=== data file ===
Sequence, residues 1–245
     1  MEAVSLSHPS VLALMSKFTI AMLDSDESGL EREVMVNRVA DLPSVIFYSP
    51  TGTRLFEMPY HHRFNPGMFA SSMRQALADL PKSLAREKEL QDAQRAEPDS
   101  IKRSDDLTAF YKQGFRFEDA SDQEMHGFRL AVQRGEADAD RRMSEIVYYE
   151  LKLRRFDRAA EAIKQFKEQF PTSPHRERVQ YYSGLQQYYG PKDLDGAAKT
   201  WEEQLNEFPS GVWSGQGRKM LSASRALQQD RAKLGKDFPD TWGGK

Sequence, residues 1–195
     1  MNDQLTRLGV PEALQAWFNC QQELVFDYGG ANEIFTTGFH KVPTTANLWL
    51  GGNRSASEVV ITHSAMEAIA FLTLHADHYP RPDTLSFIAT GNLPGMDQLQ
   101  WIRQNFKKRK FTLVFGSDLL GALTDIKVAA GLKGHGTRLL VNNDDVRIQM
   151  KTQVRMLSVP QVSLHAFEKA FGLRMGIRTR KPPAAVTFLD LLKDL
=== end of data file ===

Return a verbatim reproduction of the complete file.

Sequence, residues 1–245
     1  MEAVSLSHPS VLALMSKFTI AMLDSDESGL EREVMVNRVA DLPSVIFYSP
    51  TGTRLFEMPY HHRFNPGMFA SSMRQALADL PKSLAREKEL QDAQRAEPDS
   101  IKRSDDLTAF YKQGFRFEDA SDQEMHGFRL AVQRGEADAD RRMSEIVYYE
   151  LKLRRFDRAA EAIKQFKEQF PTSPHRERVQ YYSGLQQYYG PKDLDGAAKT
   201  WEEQLNEFPS GVWSGQGRKM LSASRALQQD RAKLGKDFPD TWGGK

Sequence, residues 1–195
     1  MNDQLTRLGV PEALQAWFNC QQELVFDYGG ANEIFTTGFH KVPTTANLWL
    51  GGNRSASEVV ITHSAMEAIA FLTLHADHYP RPDTLSFIAT GNLPGMDQLQ
   101  WIRQNFKKRK FTLVFGSDLL GALTDIKVAA GLKGHGTRLL VNNDDVRIQM
   151  KTQVRMLSVP QVSLHAFEKA FGLRMGIRTR KPPAAVTFLD LLKDL